Figure 2: Intraoperative surgical draining (case 1) by endoscopic approach for the maxillary and ethmoid sinuses and external approach for the frontal sinus.
Post-operative CT-Scan 7 days later showed a progression of the empyema with a mid-line shift of 10 mm. The patient underwent an immediate surgery of the inter-hemispheric abscess. Control cranial CT the following day showed few residual collections. The intravenous antibiotic treatment was continued. No signs of progression or complication were noted.
The patient was hospitalized for 37 days. The antibiotic treatment was then administrated orally for a total of 3 months. The neurological and oto-rhino-laryngological evolution was acceptable with persistent Broca Aphasia. The follow up at one year showed no signs of recurrence of infection, but unfortunately the patient died of pulmonary cancer that was discovered by incidental finding.
The second case: A 37 year-old caucasian man presented to the emergency department with acute headache and severe somnolence since several days. The patient’s past medical history was notable for heroine abuse and a thrombosis of the right jugular vein. He was substituted by Methadone and Acenocoumarol. He had a history of severe cranio-facial trauma related to a car accident without sequels. The clinical examination showed a large right-sided frontal mass. The patient was lethargic, but could be aroused with verbal stimulation. He was oriented only to person and place. His neck was supple. White blood cell count was 12,3 G/L. Chemistry showed a CRP of 169 mg/L. A CTScan showed a voluminous frontal cerebral abscess of 6×4×5 cm with ring enhancing, associated with a mass effect on the lateral ventricle and mid-line shift of 1.6 cm to the left. There was a peri – lesional edema, a frontal osteitis, a subcutaneous frontal abscess (Pott’s puffy Tumor) and a full right-sided maxillary opacity (Figure 3).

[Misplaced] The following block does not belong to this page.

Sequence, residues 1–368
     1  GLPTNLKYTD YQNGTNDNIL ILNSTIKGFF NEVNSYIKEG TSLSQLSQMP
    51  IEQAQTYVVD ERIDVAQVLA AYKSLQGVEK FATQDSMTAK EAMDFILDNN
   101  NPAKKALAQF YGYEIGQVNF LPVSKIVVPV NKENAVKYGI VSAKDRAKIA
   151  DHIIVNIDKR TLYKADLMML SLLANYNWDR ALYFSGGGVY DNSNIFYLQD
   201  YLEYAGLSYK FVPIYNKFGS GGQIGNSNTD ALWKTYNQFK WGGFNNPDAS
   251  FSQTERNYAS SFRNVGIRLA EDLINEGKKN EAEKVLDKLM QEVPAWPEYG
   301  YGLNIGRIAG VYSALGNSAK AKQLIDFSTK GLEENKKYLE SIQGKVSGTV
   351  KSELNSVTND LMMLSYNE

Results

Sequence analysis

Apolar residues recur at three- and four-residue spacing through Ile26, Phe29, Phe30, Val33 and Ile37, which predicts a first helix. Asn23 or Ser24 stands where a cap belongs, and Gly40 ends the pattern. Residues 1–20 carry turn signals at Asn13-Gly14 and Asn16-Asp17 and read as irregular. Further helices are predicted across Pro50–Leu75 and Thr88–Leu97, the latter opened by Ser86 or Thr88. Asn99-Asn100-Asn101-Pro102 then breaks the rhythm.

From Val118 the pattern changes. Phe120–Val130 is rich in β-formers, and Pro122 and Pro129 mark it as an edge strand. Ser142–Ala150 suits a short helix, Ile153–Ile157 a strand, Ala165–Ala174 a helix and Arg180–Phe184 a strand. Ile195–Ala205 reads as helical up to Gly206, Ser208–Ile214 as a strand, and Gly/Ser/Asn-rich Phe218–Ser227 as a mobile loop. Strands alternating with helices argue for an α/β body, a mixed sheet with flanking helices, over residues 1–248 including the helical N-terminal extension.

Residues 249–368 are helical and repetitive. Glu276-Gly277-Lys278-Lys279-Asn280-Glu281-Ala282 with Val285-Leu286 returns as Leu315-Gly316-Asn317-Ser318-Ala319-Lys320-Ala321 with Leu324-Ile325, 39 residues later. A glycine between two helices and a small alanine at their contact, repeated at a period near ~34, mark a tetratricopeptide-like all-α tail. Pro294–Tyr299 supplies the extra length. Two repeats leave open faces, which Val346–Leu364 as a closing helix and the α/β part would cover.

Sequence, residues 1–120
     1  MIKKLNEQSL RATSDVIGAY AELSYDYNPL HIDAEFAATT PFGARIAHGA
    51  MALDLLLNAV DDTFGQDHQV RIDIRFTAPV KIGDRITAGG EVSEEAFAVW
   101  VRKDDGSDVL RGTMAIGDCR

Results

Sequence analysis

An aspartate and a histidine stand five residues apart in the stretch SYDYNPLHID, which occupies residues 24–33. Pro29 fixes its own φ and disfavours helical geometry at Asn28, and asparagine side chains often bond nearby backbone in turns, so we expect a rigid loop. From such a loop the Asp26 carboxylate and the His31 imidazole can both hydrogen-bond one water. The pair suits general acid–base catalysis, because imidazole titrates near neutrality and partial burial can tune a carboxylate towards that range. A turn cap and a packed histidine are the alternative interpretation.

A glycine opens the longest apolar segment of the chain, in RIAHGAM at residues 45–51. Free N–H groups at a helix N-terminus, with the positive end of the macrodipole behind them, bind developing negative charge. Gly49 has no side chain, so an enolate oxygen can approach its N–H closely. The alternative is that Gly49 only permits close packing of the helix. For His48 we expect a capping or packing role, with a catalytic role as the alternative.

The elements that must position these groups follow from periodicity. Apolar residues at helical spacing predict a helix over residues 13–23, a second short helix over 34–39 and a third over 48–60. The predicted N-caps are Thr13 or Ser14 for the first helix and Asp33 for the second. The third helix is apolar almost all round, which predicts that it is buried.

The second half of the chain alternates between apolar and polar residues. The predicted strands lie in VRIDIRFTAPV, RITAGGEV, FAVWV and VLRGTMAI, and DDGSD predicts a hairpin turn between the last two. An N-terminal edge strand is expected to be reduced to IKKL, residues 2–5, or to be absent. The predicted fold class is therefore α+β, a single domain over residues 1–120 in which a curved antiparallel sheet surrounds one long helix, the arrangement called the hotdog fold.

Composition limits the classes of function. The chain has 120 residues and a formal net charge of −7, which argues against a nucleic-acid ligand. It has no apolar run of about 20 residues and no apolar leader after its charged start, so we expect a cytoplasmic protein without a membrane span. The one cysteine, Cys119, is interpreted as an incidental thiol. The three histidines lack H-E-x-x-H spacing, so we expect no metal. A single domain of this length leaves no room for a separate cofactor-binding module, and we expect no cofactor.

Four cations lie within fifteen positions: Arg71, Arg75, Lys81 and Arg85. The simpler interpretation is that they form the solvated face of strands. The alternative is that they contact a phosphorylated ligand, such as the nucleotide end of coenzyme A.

Figure 3: Preoperative sagittal and axial CT-Scan (case 2) shows a frontal osteitis (red arrow), a voluminous frontal cerebral abscess with a mass effect on the lateral ventricle and deviation of the mid-line, as well as a full rightsided maxillary opacity.
The patient underwent immediate osteoplastic frontal craniotomy and gross total excision of a frontal abscess. A surgical draining of the right maxillary sinus was performed by endoscopic approach (Figure 4). An intra-venous antibiotic treatment was introduced (Ceftriaxon, 2 g 2 times per day and Metronidazol, 500 mg 3 times per day). Bacterial culture of the cerebral abscess grew Staphylococcus haemolyticus, Streptococcus constellatus, mixed anaerobic bacteria and Prevotella oris. The antibiotic treatment was not modified regarding the antibiogram.
Figure 4: Intraoperative surgical draining (case 2) by endoscopic approach for the right maxillary sinus.
Repeated cranial CT-Scan 10 days post-operatively showed no residual collections. An electroencephalogram was slightly abnormal and showed little reduced frontal right-sided response. The intravenous antibiotic treatment was followed and the patient was observed in intensive care unit. No signs of progression or complication were noted.
The patient was hospitalized for 46 days. The antibiotic treatment was administrated orally for a total of 3 months.
The neurological and oto-rhino-laryngological evolution was good with persistent encephalomalacia of the frontal lobe on CT and MRI up to one year post-operatively. The patient has no persisting sequels, could go back to work and resume all normal activities.
The third case: A 20 year-old caucasian man was admitted to another hospital with acute headache, nasal obstruction and anterior nasal discharge. Few days before he had presented odynodysphagia and was treated by anti-inflammatory medication for a viral angina. There is no previous medical or surgical history. An initial cranial CT-Scan showed an extensive left-sided Pansinusitis without complications. Intravenous antibiotic treatment by a Carbapenem (Ertapenem, 1 g per day) was introduced. Two days later he developed left-sided retro-orbital pain and more intense headache. A repeated CT-Scan showed a subdural abscess of 13×5 mm in contact with the left frontal bone (Figure 5). He was transferred to our hospital and admitted to intensive care unit. The clinical examination showed few symptoms. The patient was well oriented to person and place. White blood cell count was 10,8G/L. Chemistry showed a CRP of 120 mg/L. The patient underwent an immediate left-sided maxillary antrostomy, anterior ethmoidectomy and frontal sinus drainage by endoscopic approach (Figure 6). No surgical draining for the intracerebral abscess has been performed. The intra-venous antibiotic treatment was changed to a Cephalosporin of third generation (Ceftriaxone, 2 g 2 times per day) and a Nitroimidazol (Metronidazole, 500 mg 3 times per day). A prophylactic anti-coagulative therapy by Enoxaparin was introduced. The bacterial analyses of the pus of the sinuses grew Fusobacterium necrophorum and saprophytic Flora. A lumbar puncture was done for suspicion of meningitis but showed no bacterial growth. Postoperative encephalogram was normal.